When earlier this year we walked for six weeks in the Kimberley starting at
Wyndham and ending at Kalumburu(yes, we did have a few boat rides, although
we did walk everyday for six weeks, but you could probably do it in six
weeks) we heard Blue winged Kookaburra almost every day morning and night.
We didn't often see it, but being in front I sometimes saw it disappearing
through the woodland as we approached.
Yes, I am looking forward to the wet and the possiblities. Are you an
ex-Broome person or just know the area?
2009/10/10 Richard Baxter <>
> Gary, You're certainly seeing some good stuff. I'm not sure I've
> seen Blue-winged Kookaburra in the Kimberley before, its certainly not
> Pretty much any Asian migrant could turn up from now on. Patches of
> rainforest, wetlands, town ovals (Woolies etc) could turn up anything over
> the next month.
> Good luck.
> Richard Baxter
> --- On *Sat, 10/10/09, Gary Wright <>* wrote:
> From: Gary Wright <>
> Subject: [Birding-Aus] migrants and other things Broome and dampier
> To: "birding aus" <>
> Received: Saturday, 10 October, 2009, 4:15 AM
> Travelling Cape Leveque road last night saw my first Dollarbird for the
> season. Got home in the dark and was greeted by the resident pair of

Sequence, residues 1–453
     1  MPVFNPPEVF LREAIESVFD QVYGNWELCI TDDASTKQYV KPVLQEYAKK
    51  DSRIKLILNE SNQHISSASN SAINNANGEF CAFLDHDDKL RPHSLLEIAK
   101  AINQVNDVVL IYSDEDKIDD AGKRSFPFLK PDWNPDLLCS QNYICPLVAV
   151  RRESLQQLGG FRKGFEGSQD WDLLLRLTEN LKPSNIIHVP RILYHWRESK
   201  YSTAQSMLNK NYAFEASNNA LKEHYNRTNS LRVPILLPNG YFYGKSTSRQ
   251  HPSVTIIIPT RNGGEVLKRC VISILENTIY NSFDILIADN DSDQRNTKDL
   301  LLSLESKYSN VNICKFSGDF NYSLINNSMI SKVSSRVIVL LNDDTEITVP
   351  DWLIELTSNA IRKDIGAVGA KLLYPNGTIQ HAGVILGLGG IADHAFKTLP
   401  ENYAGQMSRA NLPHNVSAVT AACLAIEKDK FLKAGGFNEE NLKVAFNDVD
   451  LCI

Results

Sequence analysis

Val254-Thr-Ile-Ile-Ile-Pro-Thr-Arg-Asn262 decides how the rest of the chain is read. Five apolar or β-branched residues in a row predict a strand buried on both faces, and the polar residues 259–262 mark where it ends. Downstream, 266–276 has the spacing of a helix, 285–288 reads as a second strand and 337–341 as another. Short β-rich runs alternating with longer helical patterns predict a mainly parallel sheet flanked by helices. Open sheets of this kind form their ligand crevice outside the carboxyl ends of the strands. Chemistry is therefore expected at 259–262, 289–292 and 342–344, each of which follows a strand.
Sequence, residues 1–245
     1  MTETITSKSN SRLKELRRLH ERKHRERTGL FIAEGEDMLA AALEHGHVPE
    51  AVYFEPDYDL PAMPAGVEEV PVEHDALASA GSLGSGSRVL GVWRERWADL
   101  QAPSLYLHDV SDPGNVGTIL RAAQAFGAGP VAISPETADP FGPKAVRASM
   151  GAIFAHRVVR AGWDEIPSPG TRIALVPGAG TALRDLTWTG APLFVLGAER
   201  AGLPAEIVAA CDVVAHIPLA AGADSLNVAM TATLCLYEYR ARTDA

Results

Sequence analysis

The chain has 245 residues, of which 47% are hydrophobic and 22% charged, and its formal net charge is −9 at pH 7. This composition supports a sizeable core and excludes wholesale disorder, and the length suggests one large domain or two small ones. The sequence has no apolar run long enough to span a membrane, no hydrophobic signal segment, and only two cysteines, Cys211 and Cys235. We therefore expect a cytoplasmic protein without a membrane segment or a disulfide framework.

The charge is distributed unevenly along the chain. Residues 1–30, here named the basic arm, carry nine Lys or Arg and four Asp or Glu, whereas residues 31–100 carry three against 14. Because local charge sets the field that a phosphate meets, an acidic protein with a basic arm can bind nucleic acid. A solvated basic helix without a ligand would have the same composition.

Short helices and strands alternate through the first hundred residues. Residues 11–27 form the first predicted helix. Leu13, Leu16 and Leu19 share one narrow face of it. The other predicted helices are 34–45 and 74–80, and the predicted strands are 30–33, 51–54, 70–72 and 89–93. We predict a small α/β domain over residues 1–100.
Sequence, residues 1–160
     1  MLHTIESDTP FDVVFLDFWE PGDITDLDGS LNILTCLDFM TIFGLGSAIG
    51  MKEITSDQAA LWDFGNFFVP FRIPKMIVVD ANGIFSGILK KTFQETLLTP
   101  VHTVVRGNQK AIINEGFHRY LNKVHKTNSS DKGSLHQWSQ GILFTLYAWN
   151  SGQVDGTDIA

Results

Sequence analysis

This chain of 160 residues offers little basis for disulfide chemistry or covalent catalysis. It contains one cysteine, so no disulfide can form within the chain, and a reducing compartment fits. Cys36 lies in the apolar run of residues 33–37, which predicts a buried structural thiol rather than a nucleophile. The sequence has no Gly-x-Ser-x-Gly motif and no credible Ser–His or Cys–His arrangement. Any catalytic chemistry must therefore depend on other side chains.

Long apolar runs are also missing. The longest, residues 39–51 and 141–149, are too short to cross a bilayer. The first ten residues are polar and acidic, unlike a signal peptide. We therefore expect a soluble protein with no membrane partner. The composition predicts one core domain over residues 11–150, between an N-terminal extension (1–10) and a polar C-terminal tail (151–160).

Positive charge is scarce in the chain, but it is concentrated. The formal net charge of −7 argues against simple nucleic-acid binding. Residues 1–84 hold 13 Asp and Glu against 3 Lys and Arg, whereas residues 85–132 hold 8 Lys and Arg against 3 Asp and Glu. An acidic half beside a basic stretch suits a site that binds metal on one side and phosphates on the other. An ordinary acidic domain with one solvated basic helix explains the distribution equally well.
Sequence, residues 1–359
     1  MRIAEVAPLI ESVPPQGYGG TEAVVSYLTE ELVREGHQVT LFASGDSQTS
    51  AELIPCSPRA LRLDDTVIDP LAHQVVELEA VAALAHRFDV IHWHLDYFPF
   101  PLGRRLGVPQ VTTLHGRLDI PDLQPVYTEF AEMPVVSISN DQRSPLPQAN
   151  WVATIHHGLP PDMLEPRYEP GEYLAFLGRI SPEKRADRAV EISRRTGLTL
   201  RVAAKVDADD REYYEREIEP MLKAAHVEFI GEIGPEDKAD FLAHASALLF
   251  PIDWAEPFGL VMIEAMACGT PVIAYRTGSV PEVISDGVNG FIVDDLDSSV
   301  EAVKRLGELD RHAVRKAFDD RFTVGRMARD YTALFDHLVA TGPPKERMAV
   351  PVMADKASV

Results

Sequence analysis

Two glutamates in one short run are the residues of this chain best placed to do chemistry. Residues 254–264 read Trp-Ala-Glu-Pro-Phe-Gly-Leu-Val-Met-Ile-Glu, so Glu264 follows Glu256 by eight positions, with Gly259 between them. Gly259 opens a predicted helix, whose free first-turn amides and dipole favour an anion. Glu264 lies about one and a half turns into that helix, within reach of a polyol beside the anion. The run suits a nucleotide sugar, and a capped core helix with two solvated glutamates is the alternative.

> barking owls and they continued to call seemingly every time I woke.
> I haven't been at Djarindjin for over a week and this morning the blue
> winged kookaburras were flying from a branch near my bedroom and hitting
> beak on curved trunk of tree repeatedly. When I got up there was no hollow
> there where they were making contact, but there may be a hollow at the end
> of that trunk/branch. I have seen sacred kingfishers calling and flying
> repeatedly to the lip of hollow early in breeding season, but as I stated
> there is no hollow where they were landing.
> At morning cuppa, there was a sacred kingfisher calling, which then came
> sat in tree in yard.
> A very pleasant welcome home. (this is not to mention the grey crowned
> babblers, yellow tinted honeyeaters, brown honeyeaters, white gaped
> honeyeaters and willie wagtails which pretty much are always around.
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